In verse 8 of this same chapter Jesus declares, “ . . . for your Father knoweth what things ye have need of, before ye ask him.” The answer to our needs is not found in our worries, but in our faith in the Father. God already has the answer before we are even aware of the problem. All we have to do is ask in faith, do what He commands, and leave the results in His hands. The old song said, “Trust and obey, for there’s no other way, to be happy in Jesus, but to trust and obey.”

C. Finally, Don’t Worry Because If We Seek the Kingdom of God, We Gain The Benefits of the King (v.33)
If we seek gold, we may gain gold and we may not. If you seek fame, we may gain fame, and then again, we may not. If we seek after and fret about gaining material possessions we may get what we seek, or we may simply be frustrated. But if we seek the Kingdom of God, then we find the King of the Kingdom, and that is God. And as the King He has promised to be our Benefactor.

A benefactor is someone who provides for the needs of another. God has promised that if we seek the kingdom, then He shall supply all our need according to the inexhaustible riches of the kingdom. If we seek the Kingdom of God, then God will make us heirs and joint heirs with Jesus Christ. If we seek the Kingdom of God we will not have to worry because the King is able to do exceeding abundantly above all that we can think or ask.

When we are faced with the challenges of life, we have a choice to make. We can choose to worry, we can choose to toss and turn in our anxiety. Or we can cast all our care on Him, because He cares for us. We can sing, “gloom despair and agony on me,” or we can stand up and shout, “I am more than a conqueror through Jesus Christ who strengthens me!” We can succumb to doubt and fear, or we can declare, “I have not been given the spirit of fear, but of love and of power and of a sound mind.”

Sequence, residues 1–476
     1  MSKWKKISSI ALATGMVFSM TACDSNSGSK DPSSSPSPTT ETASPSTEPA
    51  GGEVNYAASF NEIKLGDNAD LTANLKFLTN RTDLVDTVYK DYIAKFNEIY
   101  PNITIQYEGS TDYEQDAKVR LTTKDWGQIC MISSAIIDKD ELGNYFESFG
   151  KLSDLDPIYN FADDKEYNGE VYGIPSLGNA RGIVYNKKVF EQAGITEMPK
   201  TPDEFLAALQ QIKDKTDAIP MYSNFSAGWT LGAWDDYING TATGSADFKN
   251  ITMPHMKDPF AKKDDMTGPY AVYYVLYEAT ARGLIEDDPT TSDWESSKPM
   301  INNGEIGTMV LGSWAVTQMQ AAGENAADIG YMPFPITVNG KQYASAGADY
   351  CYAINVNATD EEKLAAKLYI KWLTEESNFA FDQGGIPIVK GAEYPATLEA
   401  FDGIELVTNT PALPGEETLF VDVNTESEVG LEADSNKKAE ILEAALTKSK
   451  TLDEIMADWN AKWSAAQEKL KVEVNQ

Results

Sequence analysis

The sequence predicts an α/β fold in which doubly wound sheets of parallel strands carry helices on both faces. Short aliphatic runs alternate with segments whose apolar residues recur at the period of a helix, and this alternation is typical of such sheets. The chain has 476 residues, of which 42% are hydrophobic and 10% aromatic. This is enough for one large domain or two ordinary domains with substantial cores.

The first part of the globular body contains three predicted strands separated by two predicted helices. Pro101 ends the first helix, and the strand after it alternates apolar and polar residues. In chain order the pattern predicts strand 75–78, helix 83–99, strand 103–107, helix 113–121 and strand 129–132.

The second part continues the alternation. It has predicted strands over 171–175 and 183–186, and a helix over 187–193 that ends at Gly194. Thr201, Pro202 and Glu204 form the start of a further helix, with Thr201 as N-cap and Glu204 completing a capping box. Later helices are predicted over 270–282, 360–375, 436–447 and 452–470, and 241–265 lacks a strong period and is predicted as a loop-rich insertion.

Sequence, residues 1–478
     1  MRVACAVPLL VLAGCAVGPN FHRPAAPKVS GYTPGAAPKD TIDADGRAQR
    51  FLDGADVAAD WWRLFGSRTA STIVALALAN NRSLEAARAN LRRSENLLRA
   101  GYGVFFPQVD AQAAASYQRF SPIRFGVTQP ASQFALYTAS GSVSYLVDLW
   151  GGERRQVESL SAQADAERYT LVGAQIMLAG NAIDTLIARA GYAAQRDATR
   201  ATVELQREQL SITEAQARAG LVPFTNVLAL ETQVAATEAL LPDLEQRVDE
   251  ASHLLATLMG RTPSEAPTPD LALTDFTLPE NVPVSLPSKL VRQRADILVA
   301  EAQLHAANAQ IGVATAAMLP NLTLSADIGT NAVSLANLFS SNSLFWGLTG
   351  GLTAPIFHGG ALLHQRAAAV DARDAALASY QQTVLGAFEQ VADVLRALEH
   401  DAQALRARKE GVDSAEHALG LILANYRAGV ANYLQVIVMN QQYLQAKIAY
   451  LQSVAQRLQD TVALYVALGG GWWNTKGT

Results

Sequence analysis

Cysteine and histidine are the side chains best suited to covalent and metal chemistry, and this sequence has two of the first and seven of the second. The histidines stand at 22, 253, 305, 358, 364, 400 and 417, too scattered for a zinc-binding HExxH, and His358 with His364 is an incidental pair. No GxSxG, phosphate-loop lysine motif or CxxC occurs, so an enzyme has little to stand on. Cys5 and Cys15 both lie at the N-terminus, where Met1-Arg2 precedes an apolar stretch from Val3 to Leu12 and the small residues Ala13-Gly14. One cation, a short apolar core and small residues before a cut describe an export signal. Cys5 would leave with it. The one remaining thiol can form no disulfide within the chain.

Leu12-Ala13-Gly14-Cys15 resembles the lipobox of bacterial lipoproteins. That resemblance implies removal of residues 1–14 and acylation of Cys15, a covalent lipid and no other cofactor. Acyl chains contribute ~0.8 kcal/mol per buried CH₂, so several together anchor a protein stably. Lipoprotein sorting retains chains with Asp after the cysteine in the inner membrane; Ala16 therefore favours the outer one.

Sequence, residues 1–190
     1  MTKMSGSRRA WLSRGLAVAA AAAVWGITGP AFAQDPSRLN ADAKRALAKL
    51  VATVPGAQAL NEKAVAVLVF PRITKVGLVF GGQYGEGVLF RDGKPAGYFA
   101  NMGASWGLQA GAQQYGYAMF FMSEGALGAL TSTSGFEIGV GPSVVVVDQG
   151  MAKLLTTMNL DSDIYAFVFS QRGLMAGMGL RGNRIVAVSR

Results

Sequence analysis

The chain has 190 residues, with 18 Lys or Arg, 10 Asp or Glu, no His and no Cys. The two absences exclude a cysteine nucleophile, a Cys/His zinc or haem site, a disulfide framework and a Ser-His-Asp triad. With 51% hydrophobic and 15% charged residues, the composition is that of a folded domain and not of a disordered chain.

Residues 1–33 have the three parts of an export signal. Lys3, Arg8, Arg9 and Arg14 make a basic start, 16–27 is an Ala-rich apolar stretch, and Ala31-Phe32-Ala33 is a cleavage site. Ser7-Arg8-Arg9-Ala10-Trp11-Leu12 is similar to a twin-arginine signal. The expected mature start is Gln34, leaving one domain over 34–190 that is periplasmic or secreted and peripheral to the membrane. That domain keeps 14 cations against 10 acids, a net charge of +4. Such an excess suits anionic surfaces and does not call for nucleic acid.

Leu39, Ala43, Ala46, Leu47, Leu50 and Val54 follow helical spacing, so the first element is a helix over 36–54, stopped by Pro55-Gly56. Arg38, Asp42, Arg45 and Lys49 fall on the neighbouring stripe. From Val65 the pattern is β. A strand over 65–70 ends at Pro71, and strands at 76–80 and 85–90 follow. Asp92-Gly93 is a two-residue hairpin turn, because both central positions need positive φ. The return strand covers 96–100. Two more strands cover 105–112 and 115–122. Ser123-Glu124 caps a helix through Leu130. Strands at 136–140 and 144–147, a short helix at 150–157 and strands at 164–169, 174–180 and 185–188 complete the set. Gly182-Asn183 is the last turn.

Worry and anxiety will only take us down the road that intersects on the corner of doubt and defeat. But faith in God and confidence in Him will allow us to sit in the heavenlies in Christ Jesus with the enemy under our feet and a song of victory on your lips.

We have too many people who come to church like they’re trying to hold their brains in. They fret over things that have not happened, and they worry over problems that are out of their control. The challenges you face may be out of your hands, but they are never beyond the reach of God. Put your problems in His hands and let the joy of the Lord be your strength!